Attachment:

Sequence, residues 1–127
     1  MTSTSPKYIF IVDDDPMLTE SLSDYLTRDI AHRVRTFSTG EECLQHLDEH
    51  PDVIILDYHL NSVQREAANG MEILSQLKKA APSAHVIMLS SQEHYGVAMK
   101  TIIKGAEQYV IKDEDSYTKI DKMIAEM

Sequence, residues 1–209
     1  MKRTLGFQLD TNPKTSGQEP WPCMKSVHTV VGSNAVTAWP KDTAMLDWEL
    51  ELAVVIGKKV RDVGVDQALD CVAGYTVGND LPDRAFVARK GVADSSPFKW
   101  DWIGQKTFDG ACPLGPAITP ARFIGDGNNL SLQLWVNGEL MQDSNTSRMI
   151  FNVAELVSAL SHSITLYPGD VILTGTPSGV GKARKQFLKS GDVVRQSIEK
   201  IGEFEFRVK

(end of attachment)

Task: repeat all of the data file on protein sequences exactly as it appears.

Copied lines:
Sequence, residues 1–127
     1  MTSTSPKYIF IVDDDPMLTE SLSDYLTRDI AHRVRTFSTG EECLQHLDEH
    51  PDVIILDYHL NSVQREAANG MEILSQLKKA APSAHVIMLS SQEHYGVAMK
   101  TIIKGAEQYV IKDEDSYTKI DKMIAEM

Sequence, residues 1–209
     1  MKRTLGFQLD TNPKTSGQEP WPCMKSVHTV VGSNAVTAWP KDTAMLDWEL
    51  ELAVVIGKKV RDVGVDQALD CVAGYTVGND LPDRAFVARK GVADSSPFKW
   101  DWIGQKTFDG ACPLGPAITP ARFIGDGNNL SLQLWVNGEL MQDSNTSRMI
   151  FNVAELVSAL SHSITLYPGD VILTGTPSGV GKARKQFLKS GDVVRQSIEK
   201  IGEFEFRVK